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Golden Mystery Snails Not Laying Eggs?

Discussion in 'Snails' started by Homeslice, Mar 9, 2019.

  1. HomesliceValued MemberMember

    I have three olive colored mystery snails ("darkfoot" maybe?), a picture of one is below. They are very prodigious egg layers - constantly laying the pink colored eggs out of the water as seen in a picture below. I also have numerous golden colored mystery snails, picture below. I have had them for awhile, and so far as I can tell they have not laid a single egg. Do they not lay eggs in clusters above the water line like the others? What might have caused them not to lay eggs? Or might they be laying them in the water somewhere? Thanks!



  2. RtessyFishlore VIPMember

    They do, but do you know if they're male or female? Mystery snails have distinct sexes, and it's possible that the brown ones are all male.
  3. HomesliceValued MemberMember

    Thanks Rtessty! So I have 3 brown/olive ones - they cannot all be male as I am 100% sure they are laying the eggs, correct? I have no idea on the sexes of the gold mystery snails, but I have like 20 of them - would it not be truly bizarre if they were all the same sex? Seems pretty long odds of that haha. When you say "they do" - do you mean lay eggs in clusters above the water line?

    Here is another picture below - is there a way to easily spot males versus females? The one on the left looks like it might have a male sex organ out haha.

  4. RtessyFishlore VIPMember

    Haha, sorry, I mean yes, they do lay clutches above the water. They're the same species, just line bred into different colors.
    Actually, the one on the left has its air siphon out, they use it to breathe atmospheric air and to see how far away the surface is. The male organ is located on the other side.
    You should definitely have a good mix of sexes. One thing that always makes mine breed and lay eggs is to feed a lot of protein for 2-3 days, and eggs normally appear the day after. Try and find some predatory fish pellets or similar, maybe bug bites, and feed some of those.
    Also, lowering the water level 2-3 inches below the top helps mine as well.
    As for spotting males and females, I've never been good at that, as it requires you to hold them out of the water and above the ground until they start coming out of their shell.
  5. HomesliceValued MemberMember

    Ah, thanks so much Rtessy! They are really the same species? The olive looking ones seem HUGE by comparison! It looks like the most people say the species of mystery snail is pomacea bridgesii. But I see stuff like this:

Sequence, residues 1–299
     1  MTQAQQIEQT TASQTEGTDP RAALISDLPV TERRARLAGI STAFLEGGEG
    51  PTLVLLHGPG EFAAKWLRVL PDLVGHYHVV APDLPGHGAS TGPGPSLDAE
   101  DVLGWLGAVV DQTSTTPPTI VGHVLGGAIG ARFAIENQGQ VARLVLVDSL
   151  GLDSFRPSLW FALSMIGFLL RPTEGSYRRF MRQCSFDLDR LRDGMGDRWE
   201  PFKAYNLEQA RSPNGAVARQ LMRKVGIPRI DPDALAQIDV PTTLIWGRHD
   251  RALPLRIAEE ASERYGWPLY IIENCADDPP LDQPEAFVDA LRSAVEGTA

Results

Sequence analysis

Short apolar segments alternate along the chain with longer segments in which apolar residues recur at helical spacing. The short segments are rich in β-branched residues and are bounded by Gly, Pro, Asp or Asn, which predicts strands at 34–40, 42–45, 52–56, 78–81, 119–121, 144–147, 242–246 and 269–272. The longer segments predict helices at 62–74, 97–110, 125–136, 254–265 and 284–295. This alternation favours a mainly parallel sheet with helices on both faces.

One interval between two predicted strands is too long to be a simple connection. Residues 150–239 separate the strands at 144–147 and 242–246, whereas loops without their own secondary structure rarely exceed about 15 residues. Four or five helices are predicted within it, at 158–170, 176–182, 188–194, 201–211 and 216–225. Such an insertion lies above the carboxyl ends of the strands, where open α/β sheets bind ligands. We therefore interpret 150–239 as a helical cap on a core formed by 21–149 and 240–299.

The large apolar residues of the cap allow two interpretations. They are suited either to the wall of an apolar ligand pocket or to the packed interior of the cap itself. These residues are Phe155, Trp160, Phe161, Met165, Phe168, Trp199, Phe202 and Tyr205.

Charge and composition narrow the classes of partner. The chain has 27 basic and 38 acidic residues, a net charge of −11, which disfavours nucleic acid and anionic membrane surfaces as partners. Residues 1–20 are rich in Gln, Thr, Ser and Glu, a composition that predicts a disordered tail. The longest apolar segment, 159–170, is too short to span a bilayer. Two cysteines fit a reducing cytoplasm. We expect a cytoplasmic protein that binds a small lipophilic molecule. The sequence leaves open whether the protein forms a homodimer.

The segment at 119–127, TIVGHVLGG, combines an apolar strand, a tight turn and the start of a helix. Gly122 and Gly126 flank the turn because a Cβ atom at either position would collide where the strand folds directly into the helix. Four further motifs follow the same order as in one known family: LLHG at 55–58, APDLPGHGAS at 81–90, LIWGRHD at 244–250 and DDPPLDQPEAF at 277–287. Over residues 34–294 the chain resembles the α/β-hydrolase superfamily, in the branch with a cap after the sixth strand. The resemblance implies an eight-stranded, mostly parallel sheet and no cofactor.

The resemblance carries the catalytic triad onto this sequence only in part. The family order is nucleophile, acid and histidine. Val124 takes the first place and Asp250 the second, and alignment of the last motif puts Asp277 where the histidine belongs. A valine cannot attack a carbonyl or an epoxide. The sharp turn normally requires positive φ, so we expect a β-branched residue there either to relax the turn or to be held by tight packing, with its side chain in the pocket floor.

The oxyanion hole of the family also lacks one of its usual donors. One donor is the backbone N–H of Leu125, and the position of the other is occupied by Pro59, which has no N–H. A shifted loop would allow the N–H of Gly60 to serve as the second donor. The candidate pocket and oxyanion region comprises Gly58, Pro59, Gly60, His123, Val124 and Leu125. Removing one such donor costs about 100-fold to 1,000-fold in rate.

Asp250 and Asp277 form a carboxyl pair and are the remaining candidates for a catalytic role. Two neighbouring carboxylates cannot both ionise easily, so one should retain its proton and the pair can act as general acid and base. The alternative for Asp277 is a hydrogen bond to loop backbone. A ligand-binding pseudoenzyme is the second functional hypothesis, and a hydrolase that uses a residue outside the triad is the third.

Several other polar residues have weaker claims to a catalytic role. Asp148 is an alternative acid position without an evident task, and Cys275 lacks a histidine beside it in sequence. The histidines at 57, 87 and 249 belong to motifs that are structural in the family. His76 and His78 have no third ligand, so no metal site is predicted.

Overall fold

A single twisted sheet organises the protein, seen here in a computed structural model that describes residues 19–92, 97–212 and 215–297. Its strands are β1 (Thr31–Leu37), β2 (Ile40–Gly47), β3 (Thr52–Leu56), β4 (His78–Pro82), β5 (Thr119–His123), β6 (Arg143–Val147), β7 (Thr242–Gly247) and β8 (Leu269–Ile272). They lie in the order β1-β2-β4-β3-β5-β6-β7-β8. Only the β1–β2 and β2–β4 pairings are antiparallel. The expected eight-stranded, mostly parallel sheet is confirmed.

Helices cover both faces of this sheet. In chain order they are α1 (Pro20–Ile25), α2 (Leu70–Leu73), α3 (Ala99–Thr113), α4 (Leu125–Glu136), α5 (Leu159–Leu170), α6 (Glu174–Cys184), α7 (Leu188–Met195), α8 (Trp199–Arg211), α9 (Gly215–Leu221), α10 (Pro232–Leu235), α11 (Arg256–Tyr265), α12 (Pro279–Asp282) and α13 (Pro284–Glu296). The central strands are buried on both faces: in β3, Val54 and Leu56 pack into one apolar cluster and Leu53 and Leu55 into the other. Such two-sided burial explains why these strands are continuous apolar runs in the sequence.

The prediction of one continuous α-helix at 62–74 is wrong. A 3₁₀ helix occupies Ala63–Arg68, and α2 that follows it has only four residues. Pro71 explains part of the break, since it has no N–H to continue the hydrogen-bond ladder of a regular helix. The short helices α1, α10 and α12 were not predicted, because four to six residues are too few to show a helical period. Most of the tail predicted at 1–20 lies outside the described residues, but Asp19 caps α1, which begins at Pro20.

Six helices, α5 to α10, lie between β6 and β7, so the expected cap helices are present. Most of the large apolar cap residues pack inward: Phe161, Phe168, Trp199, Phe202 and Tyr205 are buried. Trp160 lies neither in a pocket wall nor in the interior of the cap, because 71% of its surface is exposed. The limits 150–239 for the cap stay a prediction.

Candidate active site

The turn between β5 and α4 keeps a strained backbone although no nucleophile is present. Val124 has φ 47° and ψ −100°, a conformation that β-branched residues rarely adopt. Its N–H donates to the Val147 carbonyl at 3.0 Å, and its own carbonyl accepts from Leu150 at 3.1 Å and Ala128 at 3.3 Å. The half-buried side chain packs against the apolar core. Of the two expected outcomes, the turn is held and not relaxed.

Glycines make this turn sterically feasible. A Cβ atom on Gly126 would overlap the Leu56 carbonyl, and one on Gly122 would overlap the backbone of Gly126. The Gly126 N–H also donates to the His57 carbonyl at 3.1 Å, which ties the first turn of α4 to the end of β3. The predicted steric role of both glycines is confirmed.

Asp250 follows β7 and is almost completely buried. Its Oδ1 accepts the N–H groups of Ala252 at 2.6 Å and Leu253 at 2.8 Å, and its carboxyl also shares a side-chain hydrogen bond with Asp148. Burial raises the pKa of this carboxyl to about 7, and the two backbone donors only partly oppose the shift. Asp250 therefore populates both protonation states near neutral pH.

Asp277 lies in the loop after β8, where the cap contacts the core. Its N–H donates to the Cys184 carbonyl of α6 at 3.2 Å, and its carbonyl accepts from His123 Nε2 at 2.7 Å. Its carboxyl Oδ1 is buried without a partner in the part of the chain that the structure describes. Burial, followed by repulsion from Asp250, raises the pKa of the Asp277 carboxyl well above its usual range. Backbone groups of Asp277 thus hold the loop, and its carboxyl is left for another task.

"Chinese (Cipangopaludina chinensis), Japanese (C. japonica), and banded mystery snails (Viviparus georgianus) can form dense populations and outcompete native species for food and habitat in lakes and streams. "

    Petco has on their website:

    "Gold Inca Snail (Pomacea sp.)"

    Not sure what sp. is but obviously seems different than bridgesii. I actually ordered golden inca snails (in addition to gold mystery snails) off ebay - they seem to be the same according to many sites, but then there is that weird Petco listing as a different species.

    Snapped this pic - might these be doing it, or just the gold ones trying to eat algae off the olive one?



    Hmmm, just spotted this.... smaller gold one definately looked like it was riding the bigger one, bigger one was twisting back and forth haha.

    If a gold and olive one breed, what are the different colors, and chance of each, that it might come out? Any idea?



    Sorry for the multiple posts, but one more question! I'll check out predator fish pellets and bug bites, but curious - should snello, based on a high-protein baby food, not also work? I made some that is based on chicken - it has very high protein, and also like 30% of the RDA of calcium! That should be right up their ally, no?

    Last edited by a moderator: Mar 10, 2019
  6. RtessyFishlore VIPMember

    Protein based snello should work! And the first pic definitely looks like mating, lol.
    If the gold and black breed, the result is normally black since stripes, dark food, and black color is dominant. The black, gold, blue, ivory, magenta, and purple are all the same species since they can interbreed and produce fertile young.
    However, if the black has gold recessive genes, like some of mine do, they produce 50% black, 25% gold, and 25% Jade offspring.
  7. HomesliceValued MemberMember

    Got it, much thanks Rtessy!